As a lover of many things Japanese, and with a deep respect for their culture, it is both sad and terrifying to see what they’re going through at the moment. AFR’s thoughts are with them, and we hope they pull through this with the resilience they are famous for. This seemed like a good time as any to publish a review by one of Gram Morris’s students from his teaching days in Japan. Aya Nator’s take on the film makes a nice counterpoint to the panning Jemila gave it a while back.
It was at my friend’s 5th birthday party held at the local McDonalds; we sat with the plastic clownish loner on the bench while smiling at the queer black thingy-ma-jig. Discharging a loud snap, out rolled a piece of card and there appeared a photo in front of our very eyes. Since then, I’ve had an extraordinary fascination for polaroid cameras.
Vera is the female protagonist is a French artist who comes to London after ending a relationship in distress. In her anonymity she relies on the polaroids she takes on her brown SX-70 to snapshot stills of her life. Despite her determination to lead a solitary existence, when she meets the mysterious X-Ray man (who claims to have seen her before at the airport) she finds herself falling into the endless pit of love yet again.
Then there is the male protagonist Axl who discovers “the underground art-rock world of sprawling East London” after flying from Spain with very little money and no place to stay. By day he stalks his said-to-be father and at night loses himself in underground music and alcohol. He lives in a squat accommodated by arty weirdos that come and go, not that it really seems to bother him.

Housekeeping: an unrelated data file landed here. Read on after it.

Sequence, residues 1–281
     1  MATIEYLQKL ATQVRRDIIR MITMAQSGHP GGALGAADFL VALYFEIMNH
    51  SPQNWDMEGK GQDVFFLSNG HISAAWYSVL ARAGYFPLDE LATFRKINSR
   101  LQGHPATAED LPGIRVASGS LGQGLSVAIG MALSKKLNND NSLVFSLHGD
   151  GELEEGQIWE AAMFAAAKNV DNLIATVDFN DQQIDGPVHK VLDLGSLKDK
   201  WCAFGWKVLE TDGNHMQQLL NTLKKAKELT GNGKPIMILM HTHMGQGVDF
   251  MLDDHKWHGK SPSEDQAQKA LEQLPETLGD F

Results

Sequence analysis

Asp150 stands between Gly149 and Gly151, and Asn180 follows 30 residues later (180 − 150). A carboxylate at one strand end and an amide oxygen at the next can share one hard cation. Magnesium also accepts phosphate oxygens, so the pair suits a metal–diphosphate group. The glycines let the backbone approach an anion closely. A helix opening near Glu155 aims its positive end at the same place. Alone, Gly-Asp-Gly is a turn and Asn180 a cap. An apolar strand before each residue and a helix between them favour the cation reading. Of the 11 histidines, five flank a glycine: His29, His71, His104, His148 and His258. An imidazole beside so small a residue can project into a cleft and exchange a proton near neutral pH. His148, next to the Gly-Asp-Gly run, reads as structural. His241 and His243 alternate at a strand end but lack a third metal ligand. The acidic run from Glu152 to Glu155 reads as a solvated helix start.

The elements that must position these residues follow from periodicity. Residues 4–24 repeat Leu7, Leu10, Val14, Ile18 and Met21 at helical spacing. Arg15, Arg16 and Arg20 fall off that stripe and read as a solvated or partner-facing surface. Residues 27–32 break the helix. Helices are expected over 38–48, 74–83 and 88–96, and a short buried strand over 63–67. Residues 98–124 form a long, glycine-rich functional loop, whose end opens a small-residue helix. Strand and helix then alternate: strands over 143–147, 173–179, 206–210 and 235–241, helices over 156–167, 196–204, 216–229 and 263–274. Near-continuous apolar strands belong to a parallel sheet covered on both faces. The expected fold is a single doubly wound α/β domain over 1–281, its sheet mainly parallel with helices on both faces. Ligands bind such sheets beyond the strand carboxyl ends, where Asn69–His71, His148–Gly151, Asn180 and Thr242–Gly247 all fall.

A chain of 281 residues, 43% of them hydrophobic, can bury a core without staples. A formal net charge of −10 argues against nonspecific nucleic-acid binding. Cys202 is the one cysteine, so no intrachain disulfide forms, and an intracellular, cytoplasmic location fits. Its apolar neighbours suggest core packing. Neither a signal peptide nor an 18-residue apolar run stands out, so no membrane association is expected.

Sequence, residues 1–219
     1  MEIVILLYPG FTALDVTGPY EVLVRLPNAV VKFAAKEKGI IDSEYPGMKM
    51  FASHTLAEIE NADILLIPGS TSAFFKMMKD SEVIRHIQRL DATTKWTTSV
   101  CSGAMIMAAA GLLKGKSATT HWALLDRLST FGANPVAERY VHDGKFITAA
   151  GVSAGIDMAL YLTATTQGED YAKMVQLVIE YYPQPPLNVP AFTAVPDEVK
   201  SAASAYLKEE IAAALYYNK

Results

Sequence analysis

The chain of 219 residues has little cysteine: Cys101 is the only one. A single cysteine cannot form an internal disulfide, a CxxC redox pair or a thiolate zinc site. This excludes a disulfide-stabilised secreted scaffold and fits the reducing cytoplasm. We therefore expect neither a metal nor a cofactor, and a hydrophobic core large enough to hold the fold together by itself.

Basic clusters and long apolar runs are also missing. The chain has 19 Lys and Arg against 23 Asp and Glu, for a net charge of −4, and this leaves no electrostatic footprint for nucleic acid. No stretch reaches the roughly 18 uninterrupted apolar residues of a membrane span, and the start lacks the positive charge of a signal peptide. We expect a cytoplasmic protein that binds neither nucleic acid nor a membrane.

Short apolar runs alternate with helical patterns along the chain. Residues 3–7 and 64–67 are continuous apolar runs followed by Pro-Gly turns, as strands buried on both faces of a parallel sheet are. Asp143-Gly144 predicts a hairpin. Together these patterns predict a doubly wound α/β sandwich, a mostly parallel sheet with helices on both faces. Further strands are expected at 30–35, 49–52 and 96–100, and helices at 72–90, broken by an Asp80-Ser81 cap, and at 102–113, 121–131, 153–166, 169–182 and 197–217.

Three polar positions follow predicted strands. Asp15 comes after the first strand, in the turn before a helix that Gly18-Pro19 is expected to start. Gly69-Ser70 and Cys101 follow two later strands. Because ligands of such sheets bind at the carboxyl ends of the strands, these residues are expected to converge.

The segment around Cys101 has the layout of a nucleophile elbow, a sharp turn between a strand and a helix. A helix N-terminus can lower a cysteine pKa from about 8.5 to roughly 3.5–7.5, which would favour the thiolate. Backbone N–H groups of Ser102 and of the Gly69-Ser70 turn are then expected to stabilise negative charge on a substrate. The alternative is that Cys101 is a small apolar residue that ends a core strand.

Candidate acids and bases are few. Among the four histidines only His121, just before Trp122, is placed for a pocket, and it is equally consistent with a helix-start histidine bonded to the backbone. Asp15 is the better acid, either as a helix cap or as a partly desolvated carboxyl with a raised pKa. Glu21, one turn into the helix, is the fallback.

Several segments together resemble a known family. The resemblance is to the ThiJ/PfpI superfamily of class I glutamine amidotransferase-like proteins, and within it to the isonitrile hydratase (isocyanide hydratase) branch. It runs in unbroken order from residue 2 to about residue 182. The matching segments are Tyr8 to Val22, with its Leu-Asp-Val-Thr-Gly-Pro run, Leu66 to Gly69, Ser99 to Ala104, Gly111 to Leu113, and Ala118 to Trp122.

Polaroids, London and indie rock; all seem like grand symbols of modern hipsterism. Technically, they are, and thus this film could be about two hipsters who seek hip at a little club in Hipsterville. Fortunately Vera nor Axl are neither posh nor pretentious, but instead depict the darker and desolate side of self searching. However that still doesn’t mean we don’t get decent music, quirky haircuts and cuddly animal suits.
One could interpret this film as a cleaner version of Trainspotting, but I thought that director Alexis Dos Santos could have also been influenced by The Science Of Sleep. It resembles a similar setting with the Spain-France connection and the way it was shot reminded me of Michel Gondry. Because of the delicate and melancholic nature of the film, words can not describe the unique essence that Unmade Beds has. I felt that the film was not just the usual indie flick but actually had a strong storyline and a really nice but unexpected ending that leaves you grinning and aww-ing at the TV screen.